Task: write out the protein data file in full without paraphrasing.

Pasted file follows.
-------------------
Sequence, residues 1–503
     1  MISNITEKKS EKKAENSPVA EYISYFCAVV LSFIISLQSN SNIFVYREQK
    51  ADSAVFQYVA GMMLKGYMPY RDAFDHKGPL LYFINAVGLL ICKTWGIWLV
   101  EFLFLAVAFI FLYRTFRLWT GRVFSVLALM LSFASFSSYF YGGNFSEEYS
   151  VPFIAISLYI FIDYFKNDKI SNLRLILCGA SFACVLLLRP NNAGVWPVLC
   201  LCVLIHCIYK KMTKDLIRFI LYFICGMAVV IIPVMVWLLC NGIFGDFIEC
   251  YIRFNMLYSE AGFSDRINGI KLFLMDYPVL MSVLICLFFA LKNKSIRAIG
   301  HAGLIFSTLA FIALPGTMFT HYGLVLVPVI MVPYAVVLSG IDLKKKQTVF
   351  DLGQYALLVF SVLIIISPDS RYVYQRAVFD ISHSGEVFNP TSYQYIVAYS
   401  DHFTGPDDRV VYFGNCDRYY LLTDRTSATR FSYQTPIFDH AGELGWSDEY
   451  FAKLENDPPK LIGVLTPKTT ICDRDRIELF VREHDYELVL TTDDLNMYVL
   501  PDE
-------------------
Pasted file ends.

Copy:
Sequence, residues 1–503
     1  MISNITEKKS EKKAENSPVA EYISYFCAVV LSFIISLQSN SNIFVYREQK
    51  ADSAVFQYVA GMMLKGYMPY RDAFDHKGPL LYFINAVGLL ICKTWGIWLV
   101  EFLFLAVAFI FLYRTFRLWT GRVFSVLALM LSFASFSSYF YGGNFSEEYS
   151  VPFIAISLYI FIDYFKNDKI SNLRLILCGA SFACVLLLRP NNAGVWPVLC
   201  LCVLIHCIYK KMTKDLIRFI LYFICGMAVV IIPVMVWLLC NGIFGDFIEC
   251  YIRFNMLYSE AGFSDRINGI KLFLMDYPVL MSVLICLFFA LKNKSIRAIG
   301  HAGLIFSTLA FIALPGTMFT HYGLVLVPVI MVPYAVVLSG IDLKKKQTVF
   351  DLGQYALLVF SVLIIISPDS RYVYQRAVFD ISHSGEVFNP TSYQYIVAYS
   401  DHFTGPDDRV VYFGNCDRYY LLTDRTSATR FSYQTPIFDH AGELGWSDEY
   451  FAKLENDPPK LIGVLTPKTT ICDRDRIELF VREHDYELVL TTDDLNMYVL
   501  PDE